Air Force players were led to believe they could head to the NFL

Getty Images

On Saturday, it became publicly known that the Air Force has changed its policy regarding football players from the Air Force Academy with NFL opportunities, requiring them to spend two years on active duty before playing professional football. It was news to the Air Force players, too.

Per a source with knowledge of the situation, the players had been led to believe throughout the pre-draft process that they could join the NFL. As a result, they spent time and money training for the selection process. Air Force receiver Jalen Robinette even participated in the Senior Bowl and the Scouting Combine under the clear impression that he would be permitted to play in the NFL. Several other Air Force players went through the pre-draft process, including a Pro Day workout held at the Air Force Academy on March 21.

The players believed NFL opportunities could be pursued, and as recently as Thursday they continued to be under that impression. Most if not all became aware of the change through the Denver Post article communicating the sudden shift in Air Force policy.

Coaches aren’t happy. Apart from negatively impacting future recruiting efforts, the change comes after a new class of recruits signed up under the impression that they’d have a path to pro football, too, if they play well enough in college.

The situation could make for a somewhat awkward visit by Air Force players to Washington on Tuesday, where they will receive The Commander-in-Chief’s Trophy from the Commander-in-Chief.

41 responses to “Air Force players were led to believe they could head to the NFL

  1. I’d rather be a 2nd LT in the AF, than play in the Not For Long league.

    If I had an official do-over I would trade my baseball scholarship, CW Series appearance, a few hundred bus rides in A ball and gone to West Point. The long haul seems fast but it is a long haul.

    It should not hinder recruitment, except for those who wouldn’t normally get in, since the acceptance rate is less than 10%.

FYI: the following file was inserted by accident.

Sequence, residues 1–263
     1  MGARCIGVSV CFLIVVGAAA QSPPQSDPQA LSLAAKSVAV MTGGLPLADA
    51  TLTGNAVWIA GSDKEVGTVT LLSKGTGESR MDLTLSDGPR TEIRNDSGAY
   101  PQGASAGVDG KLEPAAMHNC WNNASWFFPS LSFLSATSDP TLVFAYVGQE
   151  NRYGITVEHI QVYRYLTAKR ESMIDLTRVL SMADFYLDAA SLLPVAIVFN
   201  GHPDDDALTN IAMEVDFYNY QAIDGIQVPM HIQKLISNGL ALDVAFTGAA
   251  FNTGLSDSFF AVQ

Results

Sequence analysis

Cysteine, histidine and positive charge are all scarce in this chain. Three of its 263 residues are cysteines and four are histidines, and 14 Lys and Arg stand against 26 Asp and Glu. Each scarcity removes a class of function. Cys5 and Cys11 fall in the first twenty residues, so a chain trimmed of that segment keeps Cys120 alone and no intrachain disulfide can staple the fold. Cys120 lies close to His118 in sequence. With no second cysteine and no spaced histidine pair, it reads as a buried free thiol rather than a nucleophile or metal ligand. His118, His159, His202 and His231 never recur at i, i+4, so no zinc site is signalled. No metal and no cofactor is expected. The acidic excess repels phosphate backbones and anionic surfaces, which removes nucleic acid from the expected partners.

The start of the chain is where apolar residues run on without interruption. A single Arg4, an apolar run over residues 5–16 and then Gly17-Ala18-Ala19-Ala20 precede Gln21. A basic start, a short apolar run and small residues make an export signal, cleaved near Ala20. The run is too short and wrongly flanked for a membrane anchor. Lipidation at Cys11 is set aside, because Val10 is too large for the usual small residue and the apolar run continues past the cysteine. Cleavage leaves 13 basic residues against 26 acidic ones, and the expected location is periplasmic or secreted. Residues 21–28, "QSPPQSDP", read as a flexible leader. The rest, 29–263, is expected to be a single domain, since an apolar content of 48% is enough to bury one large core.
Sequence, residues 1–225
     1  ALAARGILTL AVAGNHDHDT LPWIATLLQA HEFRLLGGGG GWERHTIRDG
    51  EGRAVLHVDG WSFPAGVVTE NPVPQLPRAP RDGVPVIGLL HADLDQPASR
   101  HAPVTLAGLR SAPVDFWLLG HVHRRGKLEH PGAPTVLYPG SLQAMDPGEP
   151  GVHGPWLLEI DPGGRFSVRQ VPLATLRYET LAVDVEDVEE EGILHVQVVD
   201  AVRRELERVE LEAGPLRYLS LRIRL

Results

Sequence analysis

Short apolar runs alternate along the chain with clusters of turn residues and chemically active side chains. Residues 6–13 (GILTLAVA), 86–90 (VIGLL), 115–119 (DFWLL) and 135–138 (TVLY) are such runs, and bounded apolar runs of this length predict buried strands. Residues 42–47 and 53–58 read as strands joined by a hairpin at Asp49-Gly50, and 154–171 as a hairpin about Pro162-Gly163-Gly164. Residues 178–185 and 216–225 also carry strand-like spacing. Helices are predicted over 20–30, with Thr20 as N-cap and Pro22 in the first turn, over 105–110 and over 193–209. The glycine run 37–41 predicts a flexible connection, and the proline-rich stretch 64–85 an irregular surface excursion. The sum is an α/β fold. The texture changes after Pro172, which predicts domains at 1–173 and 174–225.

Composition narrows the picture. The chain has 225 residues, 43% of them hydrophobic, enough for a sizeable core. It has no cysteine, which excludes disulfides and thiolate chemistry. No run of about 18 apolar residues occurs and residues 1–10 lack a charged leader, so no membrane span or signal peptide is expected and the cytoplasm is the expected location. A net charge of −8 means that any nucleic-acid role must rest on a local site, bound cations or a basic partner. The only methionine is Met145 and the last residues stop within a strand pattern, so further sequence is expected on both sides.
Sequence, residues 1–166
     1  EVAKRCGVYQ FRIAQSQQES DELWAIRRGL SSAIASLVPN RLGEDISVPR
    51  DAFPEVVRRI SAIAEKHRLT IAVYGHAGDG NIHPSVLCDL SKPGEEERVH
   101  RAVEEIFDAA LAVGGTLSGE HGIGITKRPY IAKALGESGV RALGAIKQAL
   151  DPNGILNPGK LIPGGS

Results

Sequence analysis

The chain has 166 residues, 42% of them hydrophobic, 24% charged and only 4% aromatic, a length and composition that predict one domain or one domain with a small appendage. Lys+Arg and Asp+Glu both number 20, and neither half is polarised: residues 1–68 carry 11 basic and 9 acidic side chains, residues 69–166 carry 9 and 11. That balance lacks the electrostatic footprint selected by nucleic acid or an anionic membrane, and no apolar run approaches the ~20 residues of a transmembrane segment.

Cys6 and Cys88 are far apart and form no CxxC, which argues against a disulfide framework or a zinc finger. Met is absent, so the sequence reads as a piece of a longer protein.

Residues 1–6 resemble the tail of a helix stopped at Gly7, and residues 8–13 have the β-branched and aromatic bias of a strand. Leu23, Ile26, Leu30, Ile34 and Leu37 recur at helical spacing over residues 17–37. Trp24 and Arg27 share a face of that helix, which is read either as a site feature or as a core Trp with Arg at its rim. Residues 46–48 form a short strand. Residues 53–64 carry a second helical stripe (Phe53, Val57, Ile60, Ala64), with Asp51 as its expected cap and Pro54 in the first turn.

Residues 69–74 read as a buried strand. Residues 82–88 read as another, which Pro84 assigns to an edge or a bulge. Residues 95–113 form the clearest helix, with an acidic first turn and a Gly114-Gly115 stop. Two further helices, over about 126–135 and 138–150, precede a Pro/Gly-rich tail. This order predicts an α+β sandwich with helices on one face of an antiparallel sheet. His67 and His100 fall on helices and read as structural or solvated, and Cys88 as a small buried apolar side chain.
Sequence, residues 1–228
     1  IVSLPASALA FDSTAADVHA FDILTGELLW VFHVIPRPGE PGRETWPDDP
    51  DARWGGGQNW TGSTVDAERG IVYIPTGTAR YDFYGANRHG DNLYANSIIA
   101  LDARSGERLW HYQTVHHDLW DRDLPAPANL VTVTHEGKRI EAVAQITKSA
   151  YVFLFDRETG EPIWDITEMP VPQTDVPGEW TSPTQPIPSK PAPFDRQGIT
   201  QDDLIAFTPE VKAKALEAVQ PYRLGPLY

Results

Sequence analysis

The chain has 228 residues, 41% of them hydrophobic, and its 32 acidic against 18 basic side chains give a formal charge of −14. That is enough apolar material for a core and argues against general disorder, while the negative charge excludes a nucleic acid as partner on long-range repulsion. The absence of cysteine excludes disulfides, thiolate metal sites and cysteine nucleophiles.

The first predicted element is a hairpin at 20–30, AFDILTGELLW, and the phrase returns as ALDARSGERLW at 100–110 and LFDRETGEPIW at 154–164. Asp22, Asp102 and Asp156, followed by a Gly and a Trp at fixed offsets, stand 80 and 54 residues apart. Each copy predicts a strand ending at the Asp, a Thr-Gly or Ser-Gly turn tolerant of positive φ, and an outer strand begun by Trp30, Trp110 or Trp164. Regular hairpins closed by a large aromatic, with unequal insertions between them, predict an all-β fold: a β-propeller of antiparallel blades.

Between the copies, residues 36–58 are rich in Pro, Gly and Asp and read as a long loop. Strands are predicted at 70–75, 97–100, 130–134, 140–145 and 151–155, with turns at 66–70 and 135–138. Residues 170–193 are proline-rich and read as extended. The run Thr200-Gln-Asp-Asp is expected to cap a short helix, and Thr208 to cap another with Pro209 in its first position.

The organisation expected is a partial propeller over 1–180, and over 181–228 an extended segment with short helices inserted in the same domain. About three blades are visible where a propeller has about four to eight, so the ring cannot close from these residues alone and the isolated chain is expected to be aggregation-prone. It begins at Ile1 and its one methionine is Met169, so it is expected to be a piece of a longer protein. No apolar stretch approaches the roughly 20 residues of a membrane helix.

2. They joined the military, they didn’t join the NFL. The military paid for their education, now it’s time to be men and serve the Air Force and the United States.

  3. Given that it cost the tax payer an avg of $534,206 (2015) for each cadet to graduate. If they wish not honor the agreement they made. Then simply pay back the money. They probably had offers from other schools with football programs. If they truly wanted to play football more then serve in the Air Force. Why go to the USAFA?

  4. Who’s idea was this? What a shame. These men aren’t trying to get out of service. They are trying to provide for their families while also serving and eventually exclusively serving. Allowing an Air Force, Westpoint, or Naval Academy graduates to pursue this opportunity is a way to respect their sacrifice and loyalty. Closing the door on a handful of players who even have a shot is a slap in the face to all of them. Do we need 3 or 4 graduate officers that much that we can’t give them someone to cheer for and boost morale? Totally lame.

  5. Why do the service academy teams continue to field teams in Division 1? Unless World War 3 breaks out they will never recruit well enough to be competitive.

  6. They’re not the only ones ever to be lied to by their recruiter. Tough break.

  7. These young men are committed to serving as officers in the Air Force after graduating. And that’s exactly what they signed up for, and that’s exactly what they should do. If the Air Force led them to believe otherwise shame on them. But you don’t go to the Air Force Academy and think you can blow off your obligation because, in essence, you got a great job offer. Somebody get Roger Staubach on the phone!

  8. Taxpayers did not have their money taken away to pay for their education so they could graduate and play football. If I did 24 years as an infantryman then they can do a mere 24 months in a cushy job before they leave for the NFL.

  9. I don’t think they should have been misled, but we taxpayers deserve an officer for providing one of the best educations available at no cost. Roger Staubach and David Robinson served, as well as others. If it hurts recruiting, well, that’s not why we built the service academies.

  10. So the military went back on promises made to recruits once they signed on the dotted line? Whoa, that’s never happened before!

  11. If you have the talent to play pro ball, don’t lock yourself into a contract with the Israeli auxiliary military. Just go to one of the many anti-white, pro-communist institutions out there.

  12. Big deal. You know how often recruiters lie to get young men and women to sign on the dotted line. It happens all the time. This is nothing more then business as usual for the armed forces. Oh, and I speak out of experience having spent eight years in the Navy.